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Ever since Internet access became widely
available to the public, questions regarding its governance and
administration have dogged both the public and private sector. On
one hand, there’s no question that the original Internet
“governing” body created community rules that established the
de-facto “government” of the Internet without any regard to

On the other hand, the Internet wouldn’t exist
without some type of organizational structure. The core Internet
protocols required standardization in order for data services to
work at all.

In December of 2004, former Central Intelligence
Agency (CIA) Director George Tenet gave a speech at an IT security
conference in Washington, DC, in which he advocated enacting
stronger security controls of the Internet to shore up its
vulnerabilities to potential terrorist attacks. Comparing the
Internet to the Wild West, Tenet argued that the “free and open
society” of the Net can pose a threat to national security.

While I can’t disagree with Tenet that the
Internet is not without risks, I do think that “free and open”
depends on your point of view. But more to the point, it’s
important to remember that the Internet is not a U.S.

Controlling the Internet isn’t the
responsibility of the United States, but you’d think George Tenet
thought it was. Since the formation of the Commercial Internet
eXchange (CIX) in March 1991, which opened up unrestricted
commercial Internet traffic, the U.S. government technically gave
up control of the Internet.

The free and open standard for TCP/IP made it
possible for Europe to quickly connect to the United States within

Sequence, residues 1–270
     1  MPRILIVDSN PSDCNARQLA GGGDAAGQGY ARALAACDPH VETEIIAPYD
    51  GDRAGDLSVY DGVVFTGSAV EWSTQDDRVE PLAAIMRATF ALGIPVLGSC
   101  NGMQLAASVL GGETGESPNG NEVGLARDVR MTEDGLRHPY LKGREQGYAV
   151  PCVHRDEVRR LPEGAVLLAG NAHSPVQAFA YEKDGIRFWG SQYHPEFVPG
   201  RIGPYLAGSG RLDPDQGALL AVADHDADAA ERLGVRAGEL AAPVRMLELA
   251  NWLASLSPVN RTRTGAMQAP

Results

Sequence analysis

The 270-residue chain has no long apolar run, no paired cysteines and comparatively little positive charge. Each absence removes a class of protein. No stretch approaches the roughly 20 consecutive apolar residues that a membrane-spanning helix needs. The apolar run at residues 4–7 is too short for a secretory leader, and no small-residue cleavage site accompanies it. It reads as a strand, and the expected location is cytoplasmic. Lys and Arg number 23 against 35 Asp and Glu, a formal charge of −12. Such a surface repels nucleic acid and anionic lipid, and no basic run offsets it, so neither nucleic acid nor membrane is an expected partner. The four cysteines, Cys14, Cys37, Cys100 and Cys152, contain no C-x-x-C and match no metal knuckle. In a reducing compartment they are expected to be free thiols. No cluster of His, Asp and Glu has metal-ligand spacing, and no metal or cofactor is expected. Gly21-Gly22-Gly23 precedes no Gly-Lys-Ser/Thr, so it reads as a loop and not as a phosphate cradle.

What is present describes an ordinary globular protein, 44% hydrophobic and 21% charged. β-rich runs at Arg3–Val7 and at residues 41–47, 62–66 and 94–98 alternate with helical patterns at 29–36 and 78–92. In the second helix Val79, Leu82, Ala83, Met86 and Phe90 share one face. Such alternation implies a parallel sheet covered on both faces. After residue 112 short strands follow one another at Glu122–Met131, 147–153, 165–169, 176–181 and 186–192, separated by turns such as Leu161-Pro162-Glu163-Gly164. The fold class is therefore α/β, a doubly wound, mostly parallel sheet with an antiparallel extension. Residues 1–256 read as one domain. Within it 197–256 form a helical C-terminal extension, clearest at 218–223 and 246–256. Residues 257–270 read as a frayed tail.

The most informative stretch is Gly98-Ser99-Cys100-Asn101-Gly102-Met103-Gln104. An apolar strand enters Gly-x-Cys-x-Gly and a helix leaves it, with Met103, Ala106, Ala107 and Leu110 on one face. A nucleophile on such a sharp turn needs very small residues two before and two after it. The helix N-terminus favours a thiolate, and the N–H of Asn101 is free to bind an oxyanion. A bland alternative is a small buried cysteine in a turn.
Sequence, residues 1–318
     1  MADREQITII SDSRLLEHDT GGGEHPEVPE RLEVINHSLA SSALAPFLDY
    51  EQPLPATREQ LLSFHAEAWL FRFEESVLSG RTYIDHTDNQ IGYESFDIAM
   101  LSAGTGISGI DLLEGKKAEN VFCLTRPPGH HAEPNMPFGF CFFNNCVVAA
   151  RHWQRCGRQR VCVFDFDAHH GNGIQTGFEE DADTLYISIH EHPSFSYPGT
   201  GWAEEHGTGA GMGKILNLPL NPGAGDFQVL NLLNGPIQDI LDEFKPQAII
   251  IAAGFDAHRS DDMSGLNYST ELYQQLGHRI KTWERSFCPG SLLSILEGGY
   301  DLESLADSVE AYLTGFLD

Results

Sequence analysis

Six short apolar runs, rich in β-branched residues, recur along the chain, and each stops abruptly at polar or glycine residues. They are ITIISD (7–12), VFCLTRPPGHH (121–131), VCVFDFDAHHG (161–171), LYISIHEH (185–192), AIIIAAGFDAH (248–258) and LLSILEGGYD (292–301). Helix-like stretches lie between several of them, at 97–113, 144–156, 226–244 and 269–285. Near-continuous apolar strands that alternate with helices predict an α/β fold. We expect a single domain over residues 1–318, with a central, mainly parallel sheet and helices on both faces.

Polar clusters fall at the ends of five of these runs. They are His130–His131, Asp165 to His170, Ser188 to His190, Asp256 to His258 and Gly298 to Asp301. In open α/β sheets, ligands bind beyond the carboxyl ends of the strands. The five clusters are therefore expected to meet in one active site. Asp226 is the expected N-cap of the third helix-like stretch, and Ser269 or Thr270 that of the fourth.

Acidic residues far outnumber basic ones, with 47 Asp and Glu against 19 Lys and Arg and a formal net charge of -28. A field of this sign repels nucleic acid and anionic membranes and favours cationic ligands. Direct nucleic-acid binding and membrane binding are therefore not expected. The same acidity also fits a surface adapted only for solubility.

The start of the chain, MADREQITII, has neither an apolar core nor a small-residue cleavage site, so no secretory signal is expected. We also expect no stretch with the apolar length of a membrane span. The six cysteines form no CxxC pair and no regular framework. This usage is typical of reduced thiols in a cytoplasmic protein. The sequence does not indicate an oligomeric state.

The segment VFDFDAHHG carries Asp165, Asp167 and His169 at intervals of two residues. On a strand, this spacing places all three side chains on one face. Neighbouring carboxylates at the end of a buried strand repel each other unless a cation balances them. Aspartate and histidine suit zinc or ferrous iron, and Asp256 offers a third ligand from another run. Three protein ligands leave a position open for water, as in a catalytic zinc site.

a year of CIX, and the rest of the world quickly followed.

When the Internet crosses into the realms of
countries connecting to it, as it often does, these nations can
maintain their rights within their borders as they see fit. So if
we accept that governments have a right to control what occurs
within their sovereign borders, then we could consider
circumventing Internet borders a crime.

However, Internet borders are technically
nothing more than designated blocks of IP addresses, which anyone
can block using firewalls. But it’s important to remember that the
free and open nature of the Internet doesn’t imply that countries
can’t enforce their own sets of rules regarding Internet activity
under their control.

So, while it’s perfectly understandable to call
for better security on the Internet–any reader of my columns
knows I’ll never argue for less security–any such
improvements shouldn’t arrive only at the discretion of the United
States. The Internet doesn’t belong to the United States, and any
concerns about national security shouldn’t override the sovereign
rights of other countries.

What Tenet fails to understand is that the free
and open exchange of information on the Internet is both an asset
and a weakness. And now that the Internet public includes the
entire world, there are indeed possibilities for problems that
endanger the national security of all countries–not just the
United States.